Samuel Brittan

Sir Samuel Brittan (29 December 1933 – 12 October 2020) was an English journalist and author. He was the first economics correspondent for the Financial Times, and later a long-time columnist. He was a member of the Academic Advisory Council of the Global Warming Policy Foundation.[1][2]

Early lifeEdit

Samuel Brittan was born in London to Rebecca (Lipetz) and Joseph Brittan, a doctor. His parents were Lithuanian Jews who had migrated to Britain before World War II. He was the elder brother of Leon Brittan, who was Home Secretary under Margaret Thatcher.[3]


Brittan was educated at Kilburn Grammar School,[4] a former state grammar school in Kilburn in the London Borough of Brent in north-west London, followed by Jesus College, Cambridge, where he was taught by Peter Bauer in his first year, Milton Friedman in his second year, and Harry Gordon Johnson in his third year. Brittan gained a first class degree.[5]

Brittan wrote of being supervised by Johnson:

In my third year I was supervised by Harry Johnson, who was a genuine prodigy – on the surface flashy and Americanized – and not yet the feared economic personality he later became. He was the supervisor from whom I probably derived the most benefit.[6]

On his relationship with Friedman at Cambridge Brittan said that he "proved a charming person; but at first I did not like being tutored by a far-out Republican and missing the true Cambridge Keynesian wisdom"[6] – recalling how the American economist dealt him "one of best put-down remarks I have ever encountered":

[Friedman] mentioned to me a letter he had received from Arthur Burns saying that Eisenhower was turning out well as President. I expressed surprise, to which Friedman responded: "First, Burns has much better knowledge of Eisenhower. Second, given equal knowledge I would prefer his opinion to yours." Against The Flow (2005)


In 1961, Brittan was appointed economics editor at The Observer until 1964 and in 1965 was appointed as an advisor at the Department of Economic Affairs. Then in 1966 he was appointed as an economic commentator at the Financial Times.

In March 1981, when 364 leading economists wrote a letter to The Times criticising Margaret Thatcher's economic policy, Brittan was one of the few commentators to openly defend the Conservative government's policy. He was a member of the Peacock Committee on the Finance of the BBC from 1985 to 1986.

Brittan received an Honorary Doctorate from Heriot-Watt University in 1985 [7]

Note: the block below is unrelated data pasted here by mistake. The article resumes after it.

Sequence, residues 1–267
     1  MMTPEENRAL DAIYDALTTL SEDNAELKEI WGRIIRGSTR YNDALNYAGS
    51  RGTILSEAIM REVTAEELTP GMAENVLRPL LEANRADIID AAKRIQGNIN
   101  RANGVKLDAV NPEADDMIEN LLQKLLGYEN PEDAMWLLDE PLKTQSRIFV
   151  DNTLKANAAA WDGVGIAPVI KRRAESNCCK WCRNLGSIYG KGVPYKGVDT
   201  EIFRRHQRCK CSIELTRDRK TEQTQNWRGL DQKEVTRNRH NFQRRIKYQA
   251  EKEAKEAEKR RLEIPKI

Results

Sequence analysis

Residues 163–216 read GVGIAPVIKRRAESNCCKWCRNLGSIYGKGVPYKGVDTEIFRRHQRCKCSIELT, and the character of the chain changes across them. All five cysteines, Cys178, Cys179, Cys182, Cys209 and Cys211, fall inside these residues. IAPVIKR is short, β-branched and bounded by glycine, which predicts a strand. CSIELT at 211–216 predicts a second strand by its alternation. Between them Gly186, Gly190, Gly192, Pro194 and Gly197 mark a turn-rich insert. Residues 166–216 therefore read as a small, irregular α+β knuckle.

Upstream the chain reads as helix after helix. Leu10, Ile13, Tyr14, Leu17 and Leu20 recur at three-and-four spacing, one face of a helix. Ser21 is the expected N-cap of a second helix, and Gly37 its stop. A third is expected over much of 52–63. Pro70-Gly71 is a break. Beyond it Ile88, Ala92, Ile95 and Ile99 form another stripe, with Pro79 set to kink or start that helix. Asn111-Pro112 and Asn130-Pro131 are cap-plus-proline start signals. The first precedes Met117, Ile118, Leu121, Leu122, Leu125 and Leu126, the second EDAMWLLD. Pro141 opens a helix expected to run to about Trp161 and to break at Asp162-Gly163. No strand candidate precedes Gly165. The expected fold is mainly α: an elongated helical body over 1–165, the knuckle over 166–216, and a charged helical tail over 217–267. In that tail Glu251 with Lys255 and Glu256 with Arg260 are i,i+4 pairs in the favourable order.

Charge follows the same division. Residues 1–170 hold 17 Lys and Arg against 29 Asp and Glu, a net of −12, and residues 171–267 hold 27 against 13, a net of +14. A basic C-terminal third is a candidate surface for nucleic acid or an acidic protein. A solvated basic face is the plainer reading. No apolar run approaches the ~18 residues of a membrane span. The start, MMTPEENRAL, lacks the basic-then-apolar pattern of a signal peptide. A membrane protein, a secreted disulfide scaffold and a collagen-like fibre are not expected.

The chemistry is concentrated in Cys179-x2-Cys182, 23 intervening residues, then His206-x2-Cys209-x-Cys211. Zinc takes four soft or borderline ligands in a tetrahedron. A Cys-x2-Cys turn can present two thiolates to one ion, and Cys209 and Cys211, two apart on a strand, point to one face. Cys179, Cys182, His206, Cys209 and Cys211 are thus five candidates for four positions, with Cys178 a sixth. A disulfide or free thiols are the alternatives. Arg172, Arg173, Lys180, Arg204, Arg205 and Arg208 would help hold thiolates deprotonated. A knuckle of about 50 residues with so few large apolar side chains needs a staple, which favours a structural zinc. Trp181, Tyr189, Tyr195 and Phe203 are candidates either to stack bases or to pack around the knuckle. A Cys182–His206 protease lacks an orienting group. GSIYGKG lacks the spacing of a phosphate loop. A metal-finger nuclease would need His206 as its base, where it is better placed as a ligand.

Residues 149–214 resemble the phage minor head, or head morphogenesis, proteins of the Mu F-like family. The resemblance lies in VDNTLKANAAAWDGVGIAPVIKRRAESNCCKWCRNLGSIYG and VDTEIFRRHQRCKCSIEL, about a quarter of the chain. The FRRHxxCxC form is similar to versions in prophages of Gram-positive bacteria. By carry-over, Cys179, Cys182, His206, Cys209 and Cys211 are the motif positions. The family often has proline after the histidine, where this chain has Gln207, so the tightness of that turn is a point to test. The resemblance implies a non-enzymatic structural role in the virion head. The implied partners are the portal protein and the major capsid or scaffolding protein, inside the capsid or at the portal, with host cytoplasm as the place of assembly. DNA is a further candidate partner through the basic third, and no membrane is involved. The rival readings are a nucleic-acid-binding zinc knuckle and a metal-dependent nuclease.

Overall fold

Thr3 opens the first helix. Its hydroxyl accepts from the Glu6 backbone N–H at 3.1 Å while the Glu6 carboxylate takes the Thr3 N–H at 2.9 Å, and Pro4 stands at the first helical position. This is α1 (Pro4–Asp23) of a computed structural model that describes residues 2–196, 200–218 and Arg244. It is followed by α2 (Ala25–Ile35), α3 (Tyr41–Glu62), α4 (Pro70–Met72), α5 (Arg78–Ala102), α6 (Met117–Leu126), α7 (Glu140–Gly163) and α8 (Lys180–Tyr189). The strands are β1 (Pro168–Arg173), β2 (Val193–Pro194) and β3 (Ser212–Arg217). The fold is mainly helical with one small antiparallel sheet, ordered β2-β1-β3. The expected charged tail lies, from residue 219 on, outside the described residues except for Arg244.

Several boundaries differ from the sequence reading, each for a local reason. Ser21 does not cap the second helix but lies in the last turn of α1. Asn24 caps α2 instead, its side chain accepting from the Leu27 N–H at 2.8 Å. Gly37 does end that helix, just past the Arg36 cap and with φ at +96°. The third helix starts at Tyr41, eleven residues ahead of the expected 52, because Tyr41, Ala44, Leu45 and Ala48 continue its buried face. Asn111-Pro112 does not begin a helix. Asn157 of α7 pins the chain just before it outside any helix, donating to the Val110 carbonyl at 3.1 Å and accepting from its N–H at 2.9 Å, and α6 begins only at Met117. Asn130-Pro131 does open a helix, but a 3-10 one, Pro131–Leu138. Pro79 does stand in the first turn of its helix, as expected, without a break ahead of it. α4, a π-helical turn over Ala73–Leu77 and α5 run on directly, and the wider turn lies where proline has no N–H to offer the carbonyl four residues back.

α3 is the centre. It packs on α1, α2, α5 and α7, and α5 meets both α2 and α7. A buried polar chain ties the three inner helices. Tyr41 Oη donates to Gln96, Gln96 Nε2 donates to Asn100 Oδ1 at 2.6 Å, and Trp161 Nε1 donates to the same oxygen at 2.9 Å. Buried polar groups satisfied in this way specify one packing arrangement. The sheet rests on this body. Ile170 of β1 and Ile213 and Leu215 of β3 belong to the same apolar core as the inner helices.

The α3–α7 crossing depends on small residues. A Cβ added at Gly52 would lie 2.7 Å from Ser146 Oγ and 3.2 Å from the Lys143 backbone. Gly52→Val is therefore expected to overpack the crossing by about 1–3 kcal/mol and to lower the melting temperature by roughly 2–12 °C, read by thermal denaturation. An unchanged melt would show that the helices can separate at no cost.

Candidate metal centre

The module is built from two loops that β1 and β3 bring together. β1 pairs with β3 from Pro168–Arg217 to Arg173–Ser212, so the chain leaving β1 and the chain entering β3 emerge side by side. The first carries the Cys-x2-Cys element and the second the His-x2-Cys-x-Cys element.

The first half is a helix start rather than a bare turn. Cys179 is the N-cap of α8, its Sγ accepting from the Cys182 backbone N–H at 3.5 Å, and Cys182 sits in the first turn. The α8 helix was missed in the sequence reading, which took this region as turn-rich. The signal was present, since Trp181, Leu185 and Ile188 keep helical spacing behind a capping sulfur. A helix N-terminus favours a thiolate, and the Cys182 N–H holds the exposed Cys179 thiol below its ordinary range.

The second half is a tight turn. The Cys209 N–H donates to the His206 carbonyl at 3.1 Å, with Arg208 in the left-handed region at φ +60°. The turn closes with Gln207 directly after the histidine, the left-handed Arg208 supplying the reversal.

Brittan was awarded the Orwell, Senior Harold Wincott and Ludwig Erhard prizes. In 1993, Brittan was knighted 'for services to economic journalism'. He was the brother of Leon Brittan, who served as Thatcher's Chief Secretary to the Treasury, Home Secretary and President of the Board of Trade, and then as a European Commissioner. He and Leon were cousins of Malcolm Rifkind, who served as Scottish Secretary, Transport Secretary, Defence Secretary and Foreign Secretary under Thatcher and John Major; all three were cousins once removed of producer Mark Ronson. Brittan was awarded an honorary doctorate by the University of Essex in 1994.[citation needed]

Brittan was a supporter of the land value tax ideas of Henry George.[8]

Brittan stated that he was always an "individualist liberal".[4]

Brittan died on 12 October 2020 at the age of 86.[9]


  • Samuel Brittan, The Treasury under the Tories, 1951–64 (Secker & Warburg, 1964).
  • Samuel Brittan, Left or Right: The Bogus dilemma (Secker & Warburg, 1968).
  • Samuel Brittan, Capitalism and the Permissive Society (Macmillan, 1973).
  • Samuel Brittan, The Economic Consequences of Democracy (Temple Smith, 1977).
  • Samuel Brittan, A Restatement of Economic Liberalism (Macmillan, 1988).
  • Samuel Brittan, Capitalism With A Human Face (Edward Elgar, 1995).
  • Samuel Brittan, Essays, Moral, Political and Economic (Edinburgh University Press, 1998).
  • Samuel Brittan, Against The Flow (Grove Atlantic Ltd., 2005).


  1. ^ Frederick F. Wherry; Juliet B. Schor (8 December 2015). The SAGE Encyclopedia of Economics and Society. SAGE Publications. p. 1020. ISBN 978-1-5063-4617-5.
  2. ^ Ian Johnston (11 May 2014). "Nigel Lawson's climate-change denial charity 'intimidated' environmental expert". The Independent. Archived from the original on 11 May 2014.
  3. ^ "Man in the News; Crisis Commander". The New York Times. 23 April 1984. Retrieved 7 November 2016.
  4. ^ a b Samuel Brittan on almost 50 years at FT – FT Comment – World & Global Economy Video –
  5. ^ "Archived copy". Archived from the original on 27 March 2014. Retrieved 27 March 2014.{{cite web}}: CS1 maint: archived copy as title (link)
  6. ^ a b Backhouse, Roger; Middleton, Roger (January 2000). Exemplary Economists: Europe, Asia, and Australasia. ISBN 9781782543084.
  7. ^ "Heriot-Watt University Edinburgh: Honorary Graduates". Retrieved 5 April 2016.
  8. ^ Samuel Brittan. "Tax the ground they walk on". Financial Times.
  9. ^ "Samuel Brittan, economics editor, 1933-2020". Financial Times. 12 October 2020. Retrieved 12 October 2020.

External linksEdit